Derivation of a clinical prediction rule to predict hospitalization for influenza in EDs

Published:February 04, 2013DOI:



      Early, rapid, and accurate identification of those patients who have severe influenza is important for emergency physicians. Influenza viral load, which has been proposed as a predictor of severe influenza, could be useful in facilitating decision making of resource use. We aimed to derive a clinical prediction rule to indicate probability for inpatient hospitalization for patients with influenza, which includes influenza viral load in addition to other clinical information commonly collected in the emergency department (ED).


      We conducted a 3-year prospective cohort study (2007-2009) of patients with probable influenza infection as suspected by the emergency physician from 3 study sites. Eligible patients were those with excess nasopharyngeal aspirate samples. Influenza viral load was measured using reverse transcription polymerase chain reaction and electrospray ionization mass spectrometry. Clinical information including demographics, underlying illness, vaccination history, hospitalization, and results from clinical laboratory were abstracted from electronic patient records and questionnaires. The prediction rule for hospitalization was derived by the recursive partitioning algorithm (decision tree–type approach) and evaluated by internal 10-fold cross-validation for performance characteristics.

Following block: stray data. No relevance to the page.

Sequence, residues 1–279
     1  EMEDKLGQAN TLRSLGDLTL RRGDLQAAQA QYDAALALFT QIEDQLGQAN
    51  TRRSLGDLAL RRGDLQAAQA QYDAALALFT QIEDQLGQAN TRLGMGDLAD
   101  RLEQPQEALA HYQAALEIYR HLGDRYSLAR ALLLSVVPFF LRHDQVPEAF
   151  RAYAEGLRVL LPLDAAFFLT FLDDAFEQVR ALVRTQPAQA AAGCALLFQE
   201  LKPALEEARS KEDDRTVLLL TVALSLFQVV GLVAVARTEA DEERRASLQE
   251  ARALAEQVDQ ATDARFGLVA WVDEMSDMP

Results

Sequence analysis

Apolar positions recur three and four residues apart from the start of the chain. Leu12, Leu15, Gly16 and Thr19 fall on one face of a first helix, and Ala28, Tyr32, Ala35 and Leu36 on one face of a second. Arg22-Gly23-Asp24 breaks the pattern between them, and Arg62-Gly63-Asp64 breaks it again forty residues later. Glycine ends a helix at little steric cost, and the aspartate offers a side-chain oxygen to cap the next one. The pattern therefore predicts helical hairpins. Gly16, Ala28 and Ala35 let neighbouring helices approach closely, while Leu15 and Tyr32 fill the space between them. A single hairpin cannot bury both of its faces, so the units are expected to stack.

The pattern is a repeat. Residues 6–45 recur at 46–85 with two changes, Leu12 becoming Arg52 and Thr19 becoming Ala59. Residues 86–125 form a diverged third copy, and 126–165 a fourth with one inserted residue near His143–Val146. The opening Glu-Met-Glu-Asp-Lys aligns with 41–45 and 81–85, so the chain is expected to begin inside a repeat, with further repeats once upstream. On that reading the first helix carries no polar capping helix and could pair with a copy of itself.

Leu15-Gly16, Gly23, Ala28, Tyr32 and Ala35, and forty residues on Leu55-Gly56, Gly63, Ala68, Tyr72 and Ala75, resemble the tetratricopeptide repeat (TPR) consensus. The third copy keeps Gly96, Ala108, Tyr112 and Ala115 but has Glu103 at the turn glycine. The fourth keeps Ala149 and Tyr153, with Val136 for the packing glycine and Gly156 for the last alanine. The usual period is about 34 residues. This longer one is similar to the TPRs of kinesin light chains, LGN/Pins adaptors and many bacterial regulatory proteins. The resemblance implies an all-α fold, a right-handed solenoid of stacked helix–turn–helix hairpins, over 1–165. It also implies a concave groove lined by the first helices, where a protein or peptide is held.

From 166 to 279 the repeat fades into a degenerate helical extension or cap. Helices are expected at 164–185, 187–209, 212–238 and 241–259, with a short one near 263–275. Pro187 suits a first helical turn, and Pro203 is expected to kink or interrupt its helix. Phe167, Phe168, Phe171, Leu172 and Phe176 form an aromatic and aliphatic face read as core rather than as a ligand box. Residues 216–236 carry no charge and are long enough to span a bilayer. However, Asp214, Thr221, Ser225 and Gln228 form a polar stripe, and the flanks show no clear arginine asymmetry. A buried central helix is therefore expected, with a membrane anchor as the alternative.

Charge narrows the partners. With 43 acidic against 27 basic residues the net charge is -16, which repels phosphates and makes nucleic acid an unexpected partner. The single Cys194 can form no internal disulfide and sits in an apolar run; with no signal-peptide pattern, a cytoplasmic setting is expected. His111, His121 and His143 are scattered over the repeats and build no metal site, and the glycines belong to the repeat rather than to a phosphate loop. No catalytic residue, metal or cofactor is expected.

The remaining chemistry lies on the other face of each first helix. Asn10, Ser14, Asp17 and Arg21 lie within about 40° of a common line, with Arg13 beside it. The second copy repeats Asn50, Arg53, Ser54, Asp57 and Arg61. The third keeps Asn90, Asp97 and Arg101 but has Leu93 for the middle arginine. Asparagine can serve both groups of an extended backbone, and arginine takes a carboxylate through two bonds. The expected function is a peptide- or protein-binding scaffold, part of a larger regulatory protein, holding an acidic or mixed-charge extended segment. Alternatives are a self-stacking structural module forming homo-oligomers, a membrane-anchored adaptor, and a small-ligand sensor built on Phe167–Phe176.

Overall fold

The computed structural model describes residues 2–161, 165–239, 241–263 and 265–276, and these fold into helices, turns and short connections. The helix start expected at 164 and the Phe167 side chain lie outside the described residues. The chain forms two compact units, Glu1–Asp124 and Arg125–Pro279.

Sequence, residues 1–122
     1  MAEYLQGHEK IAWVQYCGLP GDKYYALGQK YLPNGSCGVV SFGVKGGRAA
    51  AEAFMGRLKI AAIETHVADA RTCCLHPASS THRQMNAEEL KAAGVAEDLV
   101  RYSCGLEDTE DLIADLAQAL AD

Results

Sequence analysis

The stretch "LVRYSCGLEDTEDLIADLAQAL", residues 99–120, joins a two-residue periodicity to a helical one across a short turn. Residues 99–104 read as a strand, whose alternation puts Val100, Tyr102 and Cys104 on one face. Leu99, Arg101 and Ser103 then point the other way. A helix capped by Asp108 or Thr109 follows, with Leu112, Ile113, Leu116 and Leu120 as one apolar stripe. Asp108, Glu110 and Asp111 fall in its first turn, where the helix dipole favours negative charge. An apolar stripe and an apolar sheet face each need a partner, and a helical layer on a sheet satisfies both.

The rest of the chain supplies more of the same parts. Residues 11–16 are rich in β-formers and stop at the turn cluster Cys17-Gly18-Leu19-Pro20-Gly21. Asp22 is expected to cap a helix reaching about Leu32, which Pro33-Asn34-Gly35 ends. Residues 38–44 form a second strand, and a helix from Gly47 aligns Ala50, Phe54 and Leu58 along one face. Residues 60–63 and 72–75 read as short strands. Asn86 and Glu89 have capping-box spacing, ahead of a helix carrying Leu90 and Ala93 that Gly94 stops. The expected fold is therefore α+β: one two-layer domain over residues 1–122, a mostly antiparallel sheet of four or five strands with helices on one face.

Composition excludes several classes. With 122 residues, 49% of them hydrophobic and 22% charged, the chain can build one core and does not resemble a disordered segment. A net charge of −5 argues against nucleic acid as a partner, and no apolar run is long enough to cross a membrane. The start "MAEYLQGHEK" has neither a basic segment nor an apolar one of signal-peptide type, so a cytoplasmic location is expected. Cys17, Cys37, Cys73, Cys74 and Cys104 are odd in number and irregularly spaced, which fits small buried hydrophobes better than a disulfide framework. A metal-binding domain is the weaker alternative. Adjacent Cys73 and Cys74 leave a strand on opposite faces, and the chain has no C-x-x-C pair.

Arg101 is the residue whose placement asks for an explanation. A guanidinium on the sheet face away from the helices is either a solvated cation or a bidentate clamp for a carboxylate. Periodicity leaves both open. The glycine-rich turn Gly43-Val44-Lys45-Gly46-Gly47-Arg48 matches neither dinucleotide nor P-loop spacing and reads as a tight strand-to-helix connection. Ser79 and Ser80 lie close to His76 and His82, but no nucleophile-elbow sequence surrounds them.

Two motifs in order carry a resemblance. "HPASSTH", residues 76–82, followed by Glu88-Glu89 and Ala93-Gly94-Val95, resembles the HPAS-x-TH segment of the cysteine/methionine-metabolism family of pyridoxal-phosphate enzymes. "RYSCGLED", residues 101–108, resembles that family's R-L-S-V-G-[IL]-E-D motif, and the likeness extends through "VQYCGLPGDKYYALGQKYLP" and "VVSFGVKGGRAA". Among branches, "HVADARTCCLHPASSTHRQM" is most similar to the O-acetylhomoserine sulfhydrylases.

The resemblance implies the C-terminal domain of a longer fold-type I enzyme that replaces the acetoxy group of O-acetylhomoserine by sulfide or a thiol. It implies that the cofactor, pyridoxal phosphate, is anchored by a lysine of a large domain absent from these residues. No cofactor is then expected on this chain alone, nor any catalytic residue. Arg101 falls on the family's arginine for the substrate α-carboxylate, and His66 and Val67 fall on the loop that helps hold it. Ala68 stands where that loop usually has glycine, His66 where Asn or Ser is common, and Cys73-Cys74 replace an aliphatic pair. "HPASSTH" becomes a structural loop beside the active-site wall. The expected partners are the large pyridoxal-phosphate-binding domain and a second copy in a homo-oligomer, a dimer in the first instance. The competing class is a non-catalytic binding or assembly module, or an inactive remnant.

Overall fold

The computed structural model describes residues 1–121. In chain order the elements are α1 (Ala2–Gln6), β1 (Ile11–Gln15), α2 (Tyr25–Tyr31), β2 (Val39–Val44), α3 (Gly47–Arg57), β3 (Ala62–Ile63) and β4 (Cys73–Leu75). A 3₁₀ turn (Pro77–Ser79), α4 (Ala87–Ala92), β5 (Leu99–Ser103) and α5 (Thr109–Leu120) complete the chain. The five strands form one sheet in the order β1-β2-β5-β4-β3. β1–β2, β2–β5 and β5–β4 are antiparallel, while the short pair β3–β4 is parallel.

Of 424 ED patients with nasopharyngeal aspirates, 146 infected with influenza were enrolled (median age, 10 years [interquartile range, 4-26]; race, 55% African American; median inpatient length of stay, 3 days [interquartile range, 1-4]; high viral load group [defined as >2.5 million genome copies/mL], 34%). Predictors for hospitalization included underlying illness, age, influenza viral load level, and vaccination history (c statistics, 0.84; sensitivity, 83%; specificity, 76%).


      The clinical prediction rule incorporating influenza viral load into the clinical information was indicative of hospitalization and merits further evaluation for determination of ED resource use for patients with influenza.
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